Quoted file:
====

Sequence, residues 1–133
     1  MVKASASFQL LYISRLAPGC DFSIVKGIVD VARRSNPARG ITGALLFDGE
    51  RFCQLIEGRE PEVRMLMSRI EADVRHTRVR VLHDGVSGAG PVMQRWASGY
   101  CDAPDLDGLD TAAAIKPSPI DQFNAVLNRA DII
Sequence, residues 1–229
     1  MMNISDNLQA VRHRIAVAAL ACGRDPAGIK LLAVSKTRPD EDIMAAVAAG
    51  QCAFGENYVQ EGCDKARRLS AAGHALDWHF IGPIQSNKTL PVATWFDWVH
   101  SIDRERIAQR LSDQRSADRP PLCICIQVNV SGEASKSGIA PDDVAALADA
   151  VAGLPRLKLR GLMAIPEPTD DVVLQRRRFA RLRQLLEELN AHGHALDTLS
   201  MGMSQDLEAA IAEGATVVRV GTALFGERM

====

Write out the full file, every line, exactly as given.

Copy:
Sequence, residues 1–133
     1  MVKASASFQL LYISRLAPGC DFSIVKGIVD VARRSNPARG ITGALLFDGE
    51  RFCQLIEGRE PEVRMLMSRI EADVRHTRVR VLHDGVSGAG PVMQRWASGY
   101  CDAPDLDGLD TAAAIKPSPI DQFNAVLNRA DII
Sequence, residues 1–229
     1  MMNISDNLQA VRHRIAVAAL ACGRDPAGIK LLAVSKTRPD EDIMAAVAAG
    51  QCAFGENYVQ EGCDKARRLS AAGHALDWHF IGPIQSNKTL PVATWFDWVH
   101  SIDRERIAQR LSDQRSADRP PLCICIQVNV SGEASKSGIA PDDVAALADA
   151  VAGLPRLKLR GLMAIPEPTD DVVLQRRRFA RLRQLLEELN AHGHALDTLS
   201  MGMSQDLEAA IAEGATVVRV GTALFGERM